Brave New Words

release date: May 07, 2007
Brave New Words
Winner of a 2008 Hugo Award, this new paperback takes readers on spectacular tour of the language created by science fiction. From "Stargate" to "Force Field," this dictionary opens a fascinating window into an entire genre, through the words invented by science fiction''s most talented writers, critics, and fans. Each entry includes numerous citations of the word''s usage, from the earliest known appearance forward. Drawn not only from science fiction novels and stories, citations also come from fanzines, screenplays, comics, songs, and the Internet.

Teaching Science Fact with Science Fiction

release date: Jan 01, 2004
Teaching Science Fact with Science Fiction
Strap yourself in and teach today''s lesson with insight from some exciting futures as envisioned by the best classic and contemporary authors.

Militarizing Outer Space

release date: Dec 02, 2020
Militarizing Outer Space
Militarizing Outer Space explores the dystopian and destructive dimensions of the Space Age and challenges conventional narratives of a bipolar Cold War rivalry. Concentrating on weapons, warfare and viou200blence, this provocative volume examines real and imagined endeavors of arming the skies and conquering the heavens. The third and final volume in the groundbreaking u200bEuropean Astroculture trilogy, u200bMilitarizing Outer Space zooms in on the interplay between security, technopolitics and knowledge from the 1920s through the 1980s. Often hailed as the site of heavenly utopias and otherworldly salvation, outer space transformed from a promised sanctuary to a present threat, where the battles of the future were to be waged. Astroculture proved instrumental in fathoming forms and functions of warfare’s futures past, both on earth and in space. The allure of dominating outer space, the book shows, was neither limited to the early twenty-first century nor to current American space force rhetorics.

On Not Dying

release date: Apr 21, 2020
On Not Dying
An ethnographic exploration of technoscientific immortality Immortality has long been considered the domain of religion. But immortality projects have gained increasing legitimacy and power in the world of science and technology. With recent rapid advances in biology, nanotechnology, and artificial intelligence, secular immortalists hope for and work toward a future without death. On Not Dying is an anthropological, historical, and philosophical exploration of immortality as a secular and scientific category. Based on an ethnography of immortalist communities—those who believe humans can extend their personal existence indefinitely through technological means—and an examination of other institutions involved at the end of life, Abou Farman argues that secular immortalism is an important site to explore the tensions inherent in secularism: how to accept death but extend life; knowing the future is open but your future is finite; that life has meaning but the universe is meaningless. As secularism denies a soul, an afterlife, and a cosmic purpose, conflicts arise around the relationship of mind and body, individual finitude and the infinity of time and the cosmos, and the purpose of life. Immortalism today, Farman argues, is shaped by these historical and culturally situated tensions. Immortalist projects go beyond extending life, confronting dualism and cosmic alienation by imagining (and producing) informatic selves separate from the biological body but connected to a cosmic unfolding. On Not Dying interrogates the social implications of technoscientific immortalism and raises important political questions. Whose life will be extended? Will these technologies be available to all, or will they reproduce racial and geopolitical hierarchies? As human life on earth is threatened in the Anthropocene, why should life be extended, and what will that prolonged existence look like?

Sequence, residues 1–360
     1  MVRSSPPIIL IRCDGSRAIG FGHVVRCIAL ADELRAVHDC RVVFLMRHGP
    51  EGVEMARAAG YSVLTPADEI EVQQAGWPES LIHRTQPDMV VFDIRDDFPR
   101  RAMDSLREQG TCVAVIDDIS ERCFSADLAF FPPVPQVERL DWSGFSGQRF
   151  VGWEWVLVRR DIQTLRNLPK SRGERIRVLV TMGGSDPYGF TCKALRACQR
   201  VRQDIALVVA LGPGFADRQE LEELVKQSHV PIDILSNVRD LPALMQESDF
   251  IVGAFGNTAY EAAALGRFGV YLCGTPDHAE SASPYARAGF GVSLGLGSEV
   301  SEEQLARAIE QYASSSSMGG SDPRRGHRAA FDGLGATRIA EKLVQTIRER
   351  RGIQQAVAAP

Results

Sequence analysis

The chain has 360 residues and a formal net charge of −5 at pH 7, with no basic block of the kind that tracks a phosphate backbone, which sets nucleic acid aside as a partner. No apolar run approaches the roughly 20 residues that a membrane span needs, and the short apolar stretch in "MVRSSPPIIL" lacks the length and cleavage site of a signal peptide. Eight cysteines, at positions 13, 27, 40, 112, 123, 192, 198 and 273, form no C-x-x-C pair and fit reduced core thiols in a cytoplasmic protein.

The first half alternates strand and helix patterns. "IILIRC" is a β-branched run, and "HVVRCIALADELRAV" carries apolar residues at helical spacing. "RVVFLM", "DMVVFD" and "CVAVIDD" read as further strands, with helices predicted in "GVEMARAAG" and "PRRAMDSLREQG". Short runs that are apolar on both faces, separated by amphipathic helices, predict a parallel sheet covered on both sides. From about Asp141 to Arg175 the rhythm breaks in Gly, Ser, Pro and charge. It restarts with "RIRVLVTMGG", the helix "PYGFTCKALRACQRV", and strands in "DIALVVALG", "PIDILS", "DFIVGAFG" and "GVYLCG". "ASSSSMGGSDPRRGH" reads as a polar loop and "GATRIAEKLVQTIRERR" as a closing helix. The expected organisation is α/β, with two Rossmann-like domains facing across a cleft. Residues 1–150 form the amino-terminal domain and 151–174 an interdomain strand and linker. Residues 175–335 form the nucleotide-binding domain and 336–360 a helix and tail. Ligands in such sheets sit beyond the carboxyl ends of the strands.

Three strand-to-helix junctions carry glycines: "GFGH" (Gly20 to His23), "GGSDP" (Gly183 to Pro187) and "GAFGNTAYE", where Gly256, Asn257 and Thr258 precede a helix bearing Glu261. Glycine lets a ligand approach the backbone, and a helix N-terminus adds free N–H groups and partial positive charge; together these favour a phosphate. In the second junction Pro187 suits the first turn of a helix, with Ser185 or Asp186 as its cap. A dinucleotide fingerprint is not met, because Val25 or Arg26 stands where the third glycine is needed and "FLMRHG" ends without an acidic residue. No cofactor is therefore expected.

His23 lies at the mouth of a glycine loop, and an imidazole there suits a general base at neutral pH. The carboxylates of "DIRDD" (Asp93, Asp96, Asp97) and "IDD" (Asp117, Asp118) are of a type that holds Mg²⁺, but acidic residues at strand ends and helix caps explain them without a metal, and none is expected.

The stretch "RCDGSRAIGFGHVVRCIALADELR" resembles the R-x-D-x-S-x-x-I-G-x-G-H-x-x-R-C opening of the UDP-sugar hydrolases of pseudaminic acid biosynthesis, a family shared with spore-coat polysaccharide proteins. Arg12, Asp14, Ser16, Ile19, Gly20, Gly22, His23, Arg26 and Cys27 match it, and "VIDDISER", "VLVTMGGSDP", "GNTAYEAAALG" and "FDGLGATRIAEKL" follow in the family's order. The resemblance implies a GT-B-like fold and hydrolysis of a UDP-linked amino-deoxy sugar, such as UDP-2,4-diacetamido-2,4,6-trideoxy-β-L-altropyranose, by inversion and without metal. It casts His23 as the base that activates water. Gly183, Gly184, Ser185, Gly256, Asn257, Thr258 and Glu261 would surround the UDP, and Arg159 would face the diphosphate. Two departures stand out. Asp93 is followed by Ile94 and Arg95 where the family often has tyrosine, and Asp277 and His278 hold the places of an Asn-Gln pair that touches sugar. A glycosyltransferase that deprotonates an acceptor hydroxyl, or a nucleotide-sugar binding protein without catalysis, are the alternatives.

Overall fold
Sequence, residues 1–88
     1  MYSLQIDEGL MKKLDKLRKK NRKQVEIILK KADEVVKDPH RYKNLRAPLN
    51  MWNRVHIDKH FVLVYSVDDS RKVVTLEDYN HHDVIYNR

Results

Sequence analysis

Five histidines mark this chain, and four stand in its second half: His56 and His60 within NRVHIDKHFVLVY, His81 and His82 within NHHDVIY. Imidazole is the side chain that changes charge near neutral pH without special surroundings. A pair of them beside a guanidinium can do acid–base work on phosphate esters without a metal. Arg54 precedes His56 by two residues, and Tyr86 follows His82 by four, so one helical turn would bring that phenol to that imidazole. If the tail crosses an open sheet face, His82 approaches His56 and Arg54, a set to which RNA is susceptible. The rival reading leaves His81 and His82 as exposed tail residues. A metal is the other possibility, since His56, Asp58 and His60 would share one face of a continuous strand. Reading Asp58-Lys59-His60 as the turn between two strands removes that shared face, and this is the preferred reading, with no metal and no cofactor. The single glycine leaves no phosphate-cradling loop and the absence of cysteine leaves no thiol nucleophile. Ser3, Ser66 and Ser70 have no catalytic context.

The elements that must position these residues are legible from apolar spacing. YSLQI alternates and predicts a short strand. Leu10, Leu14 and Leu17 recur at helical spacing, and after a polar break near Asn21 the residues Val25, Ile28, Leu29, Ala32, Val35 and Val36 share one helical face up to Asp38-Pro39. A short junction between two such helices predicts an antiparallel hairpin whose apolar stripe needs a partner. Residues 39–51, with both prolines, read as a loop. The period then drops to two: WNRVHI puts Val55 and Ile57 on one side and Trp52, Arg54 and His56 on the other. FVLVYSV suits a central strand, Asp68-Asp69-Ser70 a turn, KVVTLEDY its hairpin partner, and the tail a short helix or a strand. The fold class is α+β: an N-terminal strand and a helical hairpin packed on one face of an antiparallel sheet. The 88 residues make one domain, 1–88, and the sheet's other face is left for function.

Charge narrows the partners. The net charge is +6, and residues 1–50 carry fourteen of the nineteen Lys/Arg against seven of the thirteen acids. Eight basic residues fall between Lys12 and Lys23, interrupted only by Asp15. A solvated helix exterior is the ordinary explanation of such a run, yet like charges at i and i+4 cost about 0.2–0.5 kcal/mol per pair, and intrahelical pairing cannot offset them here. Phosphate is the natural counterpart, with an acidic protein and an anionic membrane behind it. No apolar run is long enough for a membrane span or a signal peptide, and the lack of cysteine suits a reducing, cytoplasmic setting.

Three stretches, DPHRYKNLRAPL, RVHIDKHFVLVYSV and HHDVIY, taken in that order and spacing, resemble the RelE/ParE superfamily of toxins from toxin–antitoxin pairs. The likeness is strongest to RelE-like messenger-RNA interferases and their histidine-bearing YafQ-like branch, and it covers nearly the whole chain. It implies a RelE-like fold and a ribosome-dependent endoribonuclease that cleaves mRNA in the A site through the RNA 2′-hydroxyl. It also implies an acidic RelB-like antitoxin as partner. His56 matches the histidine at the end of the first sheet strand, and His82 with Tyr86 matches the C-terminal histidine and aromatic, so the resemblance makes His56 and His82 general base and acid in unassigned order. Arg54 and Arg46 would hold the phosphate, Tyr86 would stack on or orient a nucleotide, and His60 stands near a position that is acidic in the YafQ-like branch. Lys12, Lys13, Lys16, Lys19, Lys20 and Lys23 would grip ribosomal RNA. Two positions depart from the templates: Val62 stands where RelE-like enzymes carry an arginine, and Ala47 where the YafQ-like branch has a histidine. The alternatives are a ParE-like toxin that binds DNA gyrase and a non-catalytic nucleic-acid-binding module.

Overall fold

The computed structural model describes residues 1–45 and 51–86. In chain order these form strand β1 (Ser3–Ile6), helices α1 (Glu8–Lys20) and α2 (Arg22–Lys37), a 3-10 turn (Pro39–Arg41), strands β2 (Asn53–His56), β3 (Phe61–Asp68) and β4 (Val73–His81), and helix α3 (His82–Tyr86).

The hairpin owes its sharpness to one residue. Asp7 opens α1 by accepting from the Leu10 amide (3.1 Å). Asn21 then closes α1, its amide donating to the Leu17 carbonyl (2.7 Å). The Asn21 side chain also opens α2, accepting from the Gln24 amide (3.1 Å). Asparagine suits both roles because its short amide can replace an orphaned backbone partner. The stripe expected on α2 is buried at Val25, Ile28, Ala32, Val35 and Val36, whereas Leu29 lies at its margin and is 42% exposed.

The Mythology of Evolution

release date: Sep 16, 2012
The Mythology of Evolution
This book liberates evolution from misrepresentative scientific myths to find a more nuanced vision of life that shows how advantages persist, trust is beneficial, and the diversity of species emerges.

Stories and the Brain

release date: May 26, 2020
Stories and the Brain
Taking up the age-old question of what our ability to tell stories reveals about language and the mind, this truly interdisciplinary project should be of interest to humanists and cognitive scientists alike.

The Science of Michael Crichton

release date: Feb 09, 2008
The Science of Michael Crichton
Wherever the cutting edge of science goes, Michael Crichton is there. From dinosaur cloning to global warming, nanotechnology to time travel, animal behavior to human genetics, Crichton always takes us to the cutting edge of science and then pushes the envelope. The Science of Michael Crichton examines the amazing inventions of Crichton''s books and lifts up the hood, revealing the science underneath. In intelligent and well-thought essays, scholars and experts decide what Crichton gets right and what he gets wrong. They examine which Crichton imaginings are feasible and which are just plain impossible. Scenarios examined include whether dinosaurs can be cloned, if nanotechnological particles can evolve intelligence, and if we can go back in time.